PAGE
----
In this episode of Fairygodboss Radio, Romy is joined by Wanda Hope, Chief Diversity, Equity & Inclusion Officer at Johnson & Johnson. Wanda shares her experiences (and advice!) of her flourishing 30-year career at J&J – from being the first in many roles as a young sales professional to advancing DEI as a thought leader. Wanda Bryant Hope is an accomplished business executive with significant experience in general management, marketing, sales, commercial operations, and human resources. She currently serves as Chief Diversity, Equity & Inclusion Officer at Johnson & Johnson, and is responsible for globally advancing the company's diversity, equity and inclusion (DEI) outcomes, strengthening DEI capabilities, and driving growth through innovation. Prior to this role, Wanda held a variety of leadership positions across Johnson & Johnson including Vice President, Sales & Marketing; Vice President, Commercial Analytics, Development & Operations; and Vice President, Global Performance & Development. She has been recognized for her ability to exceed business results, deliver innovative solutions to complex challenges, lead global change, develop people for optimal results and DEI global outcomes. Wanda is a sought-after speaker and thought leader on advancing DEI to drive business performance and results. Her passion and performance have been recognized with several awards including the Elite 100 of Black Women leaders by Diverse Women Media, Penn State Smeal Diversity Award, and the Most Powerful Women in Corporate Diversity by Black Enterprise Magazine. Wanda received her Bachelor of Science degree in Marketing from The Pennsylvania State University. She and her husband Bobby are the proud parents of Tyler, their 14-year-old son.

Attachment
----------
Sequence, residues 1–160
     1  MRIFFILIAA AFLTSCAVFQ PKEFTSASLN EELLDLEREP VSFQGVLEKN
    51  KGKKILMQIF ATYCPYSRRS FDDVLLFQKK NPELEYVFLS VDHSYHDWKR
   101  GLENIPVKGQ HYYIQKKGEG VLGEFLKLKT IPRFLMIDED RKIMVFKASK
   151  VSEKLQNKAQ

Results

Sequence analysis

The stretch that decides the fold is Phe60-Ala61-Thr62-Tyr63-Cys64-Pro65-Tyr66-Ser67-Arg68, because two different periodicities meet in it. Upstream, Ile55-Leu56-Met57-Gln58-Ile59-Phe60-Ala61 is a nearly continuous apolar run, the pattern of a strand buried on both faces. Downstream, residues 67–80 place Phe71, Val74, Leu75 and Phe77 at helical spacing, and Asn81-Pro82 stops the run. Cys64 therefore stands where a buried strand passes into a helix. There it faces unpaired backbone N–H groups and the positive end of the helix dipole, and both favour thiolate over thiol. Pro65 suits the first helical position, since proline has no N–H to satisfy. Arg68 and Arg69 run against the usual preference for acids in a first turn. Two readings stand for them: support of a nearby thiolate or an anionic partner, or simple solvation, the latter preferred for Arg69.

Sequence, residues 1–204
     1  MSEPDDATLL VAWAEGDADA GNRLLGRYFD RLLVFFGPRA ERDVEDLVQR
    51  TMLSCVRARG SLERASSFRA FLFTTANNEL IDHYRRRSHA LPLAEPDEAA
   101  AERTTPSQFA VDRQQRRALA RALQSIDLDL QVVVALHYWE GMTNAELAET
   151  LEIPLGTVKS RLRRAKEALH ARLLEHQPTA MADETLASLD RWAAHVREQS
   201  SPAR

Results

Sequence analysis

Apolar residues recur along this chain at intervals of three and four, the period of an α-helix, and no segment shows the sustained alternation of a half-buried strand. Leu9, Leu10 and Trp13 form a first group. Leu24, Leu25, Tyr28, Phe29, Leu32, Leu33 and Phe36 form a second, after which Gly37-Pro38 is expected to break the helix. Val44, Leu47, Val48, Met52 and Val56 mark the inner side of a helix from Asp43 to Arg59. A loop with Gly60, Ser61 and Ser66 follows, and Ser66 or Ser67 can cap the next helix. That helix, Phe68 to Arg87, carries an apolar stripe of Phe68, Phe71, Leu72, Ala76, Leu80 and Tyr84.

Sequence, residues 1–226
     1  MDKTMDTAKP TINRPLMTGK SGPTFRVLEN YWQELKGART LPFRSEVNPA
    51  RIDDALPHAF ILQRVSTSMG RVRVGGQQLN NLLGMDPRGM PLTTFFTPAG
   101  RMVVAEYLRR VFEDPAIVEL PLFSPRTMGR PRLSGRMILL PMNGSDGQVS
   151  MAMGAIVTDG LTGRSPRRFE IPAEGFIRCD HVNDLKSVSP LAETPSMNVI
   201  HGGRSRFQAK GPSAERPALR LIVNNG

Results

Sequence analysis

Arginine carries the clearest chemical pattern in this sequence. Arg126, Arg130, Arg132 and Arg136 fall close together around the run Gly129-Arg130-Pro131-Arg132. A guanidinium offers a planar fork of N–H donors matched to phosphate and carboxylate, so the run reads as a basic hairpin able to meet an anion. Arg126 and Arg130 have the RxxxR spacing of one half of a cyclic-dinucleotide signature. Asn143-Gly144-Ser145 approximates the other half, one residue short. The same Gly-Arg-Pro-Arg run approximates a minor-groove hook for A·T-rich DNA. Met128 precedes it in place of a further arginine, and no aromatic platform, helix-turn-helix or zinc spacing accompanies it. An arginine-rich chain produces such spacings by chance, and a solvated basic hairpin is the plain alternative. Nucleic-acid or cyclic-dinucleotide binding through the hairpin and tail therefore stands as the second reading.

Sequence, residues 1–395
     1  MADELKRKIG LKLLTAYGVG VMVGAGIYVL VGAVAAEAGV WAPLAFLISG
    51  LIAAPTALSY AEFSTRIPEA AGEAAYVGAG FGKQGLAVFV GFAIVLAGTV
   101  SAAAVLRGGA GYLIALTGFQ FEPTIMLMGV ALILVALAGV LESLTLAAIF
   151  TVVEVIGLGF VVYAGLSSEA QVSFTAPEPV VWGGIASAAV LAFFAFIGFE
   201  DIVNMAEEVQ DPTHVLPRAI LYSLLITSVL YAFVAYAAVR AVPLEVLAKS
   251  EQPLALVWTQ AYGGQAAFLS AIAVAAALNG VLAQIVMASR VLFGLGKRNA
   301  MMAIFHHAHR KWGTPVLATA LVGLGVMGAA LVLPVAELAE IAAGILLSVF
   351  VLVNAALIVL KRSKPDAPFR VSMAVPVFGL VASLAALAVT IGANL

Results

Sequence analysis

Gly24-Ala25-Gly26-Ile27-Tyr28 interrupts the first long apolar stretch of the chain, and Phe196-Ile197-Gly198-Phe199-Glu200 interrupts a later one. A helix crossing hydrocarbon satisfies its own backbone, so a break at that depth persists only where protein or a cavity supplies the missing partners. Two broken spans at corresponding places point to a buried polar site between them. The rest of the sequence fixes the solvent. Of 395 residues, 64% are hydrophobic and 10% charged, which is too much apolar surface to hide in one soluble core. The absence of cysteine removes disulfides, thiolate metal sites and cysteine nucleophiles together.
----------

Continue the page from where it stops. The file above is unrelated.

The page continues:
Unprofessional Engineering
Great Engineering Universities: Penn State - Episode 272

Unprofessional Engineering

Play Episode Listen Later Nov 3, 2021 37:41


Pennsylvania State University (otherwise known as Penn State) has a long history as a top engineering school in the United States. In our new series on great engineering universities, we decided to focus on Penn State, not only because James is an alum, but because it is actually a great school as well! Starting as a land grant school back in the 1800s, Penn State was one of the first universities to focus on engineering as a stand-alone major, and eventually became the first university with a nuclear reactor to support its nuclear engineering program. Learn all about how the school got started, how it's engineering programs rank, how much you can expect to make as a Penn State graduate, and some famous Penn State engineers that you may have heard of.